I LOVE INDIAN FOOD. Possibly more than any other culture's cuisine. But I've never been able to make authentic Indian food at home because most recipe books written for an American audience avoid harder-to-find traditional ingredients, like various dals, hing, curry leaves, black mustard seed, etc. And the best Indian restaurants in Memphis are all a good 30-minute or more drive from my house. So I just rarely eat Indian food.
But that's changed with Plant-Based India by Dr. Sheil Shukla. This totally vegan Indian cookbook is written by a doctor who doesn't shy away from traditional ingredients. We have three Indian markets in the Memphis area, so authentic ingredients aren't hard to find here. And really, in this age, you can buy anything online. His recipes are a blend of Gujarati dishes (where his family hails from) and a few modernized recipes that call for less-traditional ingredients, like quinoa. And the photos are GORGEOUS. This hardcover book could double as a coffee table book!
I went to Janta Farmers Market in Southaven and stocked up on ingredients that were called for in multiple recipes and dove right in. I told the clerk, an older Indian gentleman, at the store that I was going to start experimenting with Indian cuisine, and he said "You'll never learn until you dive in." So right! So I dove! Here's what I've made so far.
I started with the Rice Vermicelli and Corn Upma, which is something you'd eat as both a snack or breakfast. I ended up eating it for breakfast for several days. This may have been my very favorite recipe. It has tender vermicelli (a special short version I found at the Indian market) with curry leaves, hing, lots of turmeric, corn, and roasted cashews. Still dreaming about this.
I also LOVED this Roasted Aloo Chat. I'm all about Indian snack foods, but the North Indian restaurants near me don't serve things like this. You've got to drive out to Hacks Cross in Memphis for South Indian, where the chat is more likely to be found. This has roasted potatoes tossed with chat masala (it has black salt and lots of other spices) topped with cilantro-mint chutney, date chutney (recipes for both are in the book), unsweetened yogurt, finely diced onion, carrot, and bell pepper, and sev (the crunchy sticks on top! I love sev!).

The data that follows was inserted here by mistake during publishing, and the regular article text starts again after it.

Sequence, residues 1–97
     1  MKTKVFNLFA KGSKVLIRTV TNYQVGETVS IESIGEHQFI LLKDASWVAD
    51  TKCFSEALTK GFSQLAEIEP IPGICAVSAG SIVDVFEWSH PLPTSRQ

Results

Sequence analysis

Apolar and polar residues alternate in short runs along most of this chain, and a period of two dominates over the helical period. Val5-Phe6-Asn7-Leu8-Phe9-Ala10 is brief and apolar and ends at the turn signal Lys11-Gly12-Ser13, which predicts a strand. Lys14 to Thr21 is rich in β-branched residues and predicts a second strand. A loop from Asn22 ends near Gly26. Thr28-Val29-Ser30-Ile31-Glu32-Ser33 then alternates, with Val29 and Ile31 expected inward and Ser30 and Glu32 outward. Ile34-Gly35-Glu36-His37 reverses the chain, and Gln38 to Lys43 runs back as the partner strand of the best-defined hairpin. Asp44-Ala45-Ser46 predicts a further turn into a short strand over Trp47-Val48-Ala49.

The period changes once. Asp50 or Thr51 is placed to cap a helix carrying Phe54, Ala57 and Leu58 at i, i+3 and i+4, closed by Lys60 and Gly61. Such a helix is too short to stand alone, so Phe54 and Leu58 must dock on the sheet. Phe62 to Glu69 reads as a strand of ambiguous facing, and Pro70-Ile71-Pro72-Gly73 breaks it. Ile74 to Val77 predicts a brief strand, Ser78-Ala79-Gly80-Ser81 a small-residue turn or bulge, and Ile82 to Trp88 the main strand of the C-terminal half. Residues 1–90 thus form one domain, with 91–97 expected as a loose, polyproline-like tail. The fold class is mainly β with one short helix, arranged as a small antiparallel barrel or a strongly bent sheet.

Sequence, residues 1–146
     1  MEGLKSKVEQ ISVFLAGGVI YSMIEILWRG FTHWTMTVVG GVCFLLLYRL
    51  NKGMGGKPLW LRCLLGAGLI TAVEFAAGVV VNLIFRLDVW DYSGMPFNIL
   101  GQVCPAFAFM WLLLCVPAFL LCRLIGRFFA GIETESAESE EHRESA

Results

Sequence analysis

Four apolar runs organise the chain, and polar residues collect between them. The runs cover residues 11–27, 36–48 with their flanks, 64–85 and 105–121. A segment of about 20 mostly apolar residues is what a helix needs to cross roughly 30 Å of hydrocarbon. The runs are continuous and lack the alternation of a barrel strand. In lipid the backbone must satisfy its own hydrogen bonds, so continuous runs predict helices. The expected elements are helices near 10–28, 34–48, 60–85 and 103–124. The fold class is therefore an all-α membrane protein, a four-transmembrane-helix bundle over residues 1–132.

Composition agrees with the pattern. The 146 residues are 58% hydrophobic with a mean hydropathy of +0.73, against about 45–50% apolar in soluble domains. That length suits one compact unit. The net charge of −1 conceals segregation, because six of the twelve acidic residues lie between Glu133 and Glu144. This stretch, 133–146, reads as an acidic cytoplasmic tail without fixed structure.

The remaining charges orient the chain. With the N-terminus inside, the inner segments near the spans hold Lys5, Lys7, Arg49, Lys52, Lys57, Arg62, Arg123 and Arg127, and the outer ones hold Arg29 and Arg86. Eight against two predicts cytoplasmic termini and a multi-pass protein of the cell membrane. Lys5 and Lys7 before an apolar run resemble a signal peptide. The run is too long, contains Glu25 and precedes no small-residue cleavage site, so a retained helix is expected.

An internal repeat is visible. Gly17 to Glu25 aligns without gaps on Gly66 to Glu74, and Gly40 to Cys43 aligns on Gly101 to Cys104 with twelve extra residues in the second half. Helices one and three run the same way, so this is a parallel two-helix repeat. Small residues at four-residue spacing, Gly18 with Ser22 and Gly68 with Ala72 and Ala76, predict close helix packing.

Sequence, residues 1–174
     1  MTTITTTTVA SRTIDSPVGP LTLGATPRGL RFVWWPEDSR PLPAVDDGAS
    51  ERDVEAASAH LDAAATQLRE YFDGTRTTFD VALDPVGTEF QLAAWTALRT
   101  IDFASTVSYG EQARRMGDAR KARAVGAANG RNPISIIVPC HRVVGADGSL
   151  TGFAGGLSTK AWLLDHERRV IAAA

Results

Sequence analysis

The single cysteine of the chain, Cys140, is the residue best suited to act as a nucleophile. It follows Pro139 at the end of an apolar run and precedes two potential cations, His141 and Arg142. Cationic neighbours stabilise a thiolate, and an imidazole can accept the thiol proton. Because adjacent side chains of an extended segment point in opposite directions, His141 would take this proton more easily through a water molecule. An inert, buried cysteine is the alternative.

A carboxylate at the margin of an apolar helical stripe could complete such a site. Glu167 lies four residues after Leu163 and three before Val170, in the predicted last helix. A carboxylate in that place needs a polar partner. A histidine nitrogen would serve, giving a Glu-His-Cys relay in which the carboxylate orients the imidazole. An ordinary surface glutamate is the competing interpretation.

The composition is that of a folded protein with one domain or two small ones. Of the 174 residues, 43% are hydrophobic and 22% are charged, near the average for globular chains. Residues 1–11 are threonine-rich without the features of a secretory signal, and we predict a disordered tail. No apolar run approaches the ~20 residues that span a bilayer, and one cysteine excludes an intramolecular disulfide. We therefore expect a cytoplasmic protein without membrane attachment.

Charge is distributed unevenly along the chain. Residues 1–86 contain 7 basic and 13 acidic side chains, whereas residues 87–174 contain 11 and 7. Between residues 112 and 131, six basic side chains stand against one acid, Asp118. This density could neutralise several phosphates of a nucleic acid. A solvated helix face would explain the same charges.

Here's one of Dr. Shukla's less traditional recipes. This is Quinoa Kachumber (kachumber is a salad) with cucumber, tomato, bell pepper, and onion, served with roasted papad. I bought the papad at the Indian market. I love crunchy, salty papad, which is why I wanted to make this salad.
There's a whole chapter devoted to dal, like this Tadka Dal made with masoor dal with an added spicy oil. It was excellent with some storebought whole wheat parantha. There is a parantha recipe in the book, but it calls for atta flour, and the Indian market only sold this in giant bags. I figured I'd save money and be lazy with a frozen version.
I also tried this Gujati Dal, made with toor dal and peanuts! The peanuts add such a fun texture and flavor. I served it over basmati rice with more parantha. The author includes Instant Pot instructions for the dal recipes, which is very nice!
And finally, here's a yummy dinner of Flavar Vatana Nu Shak with Lemon Rice. The flavar dish is cauliflower and peas with lots of turmeric and spices, and the rice was white basmati flavored with lemon, curry leaves, and peanuts (which sounds weird in lemon rice, but it was awesome!). Also, many (probably most) of these recipes call for hing (or asafoetida), which is probably my favorite Indian food ingredient. It's a pungent spice made from tree sap that just makes everything better!
I have so many more recipes dog-earred in this book! There's an Indo-Chinese Chili Cauliflower Tofu that I can't wait to try and a fermented bread called Handvo. Plus, I'm definitely making the Masala Chai from the drinks chapter soon and the Cardamom Coffee Cake from the desserts section!